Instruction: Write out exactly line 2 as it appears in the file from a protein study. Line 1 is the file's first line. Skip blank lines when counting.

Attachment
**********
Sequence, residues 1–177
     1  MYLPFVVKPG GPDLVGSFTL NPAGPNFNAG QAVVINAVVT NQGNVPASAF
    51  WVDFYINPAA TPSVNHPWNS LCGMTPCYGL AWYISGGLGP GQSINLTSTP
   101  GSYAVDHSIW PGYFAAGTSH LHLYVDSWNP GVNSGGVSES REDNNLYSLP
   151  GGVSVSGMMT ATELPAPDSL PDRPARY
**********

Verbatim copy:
     1  MYLPFVVKPG GPDLVGSFTL NPAGPNFNAG QAVVINAVVT NQGNVPASAF